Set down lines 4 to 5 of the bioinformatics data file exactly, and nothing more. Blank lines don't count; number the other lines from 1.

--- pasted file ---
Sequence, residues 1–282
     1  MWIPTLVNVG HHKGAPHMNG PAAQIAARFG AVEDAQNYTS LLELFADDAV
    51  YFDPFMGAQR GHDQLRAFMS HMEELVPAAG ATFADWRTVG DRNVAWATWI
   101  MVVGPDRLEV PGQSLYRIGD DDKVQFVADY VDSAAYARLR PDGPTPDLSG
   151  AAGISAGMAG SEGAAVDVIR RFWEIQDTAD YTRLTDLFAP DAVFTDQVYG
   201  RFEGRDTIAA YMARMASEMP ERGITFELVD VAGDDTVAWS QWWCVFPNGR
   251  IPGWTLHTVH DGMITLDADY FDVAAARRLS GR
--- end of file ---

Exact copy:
   101  MVVGPDRLEV PGQSLYRIGD DDKVQFVADY VDSAAYARLR PDGPTPDLSG
   151  AAGISAGMAG SEGAAVDVIR RFWEIQDTAD YTRLTDLFAP DAVFTDQVYG